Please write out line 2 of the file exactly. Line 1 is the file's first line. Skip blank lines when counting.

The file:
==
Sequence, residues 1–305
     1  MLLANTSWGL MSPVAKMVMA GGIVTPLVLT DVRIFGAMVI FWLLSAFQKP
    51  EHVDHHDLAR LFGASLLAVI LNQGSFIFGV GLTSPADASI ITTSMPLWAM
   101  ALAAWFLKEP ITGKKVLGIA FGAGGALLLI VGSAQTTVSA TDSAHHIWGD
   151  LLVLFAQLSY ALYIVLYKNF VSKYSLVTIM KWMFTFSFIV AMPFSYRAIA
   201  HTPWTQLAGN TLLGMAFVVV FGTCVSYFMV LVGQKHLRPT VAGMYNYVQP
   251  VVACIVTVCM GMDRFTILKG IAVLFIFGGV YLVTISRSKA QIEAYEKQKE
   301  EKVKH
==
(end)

     1  MLLANTSWGL MSPVAKMVMA GGIVTPLVLT DVRIFGAMVI FWLLSAFQKP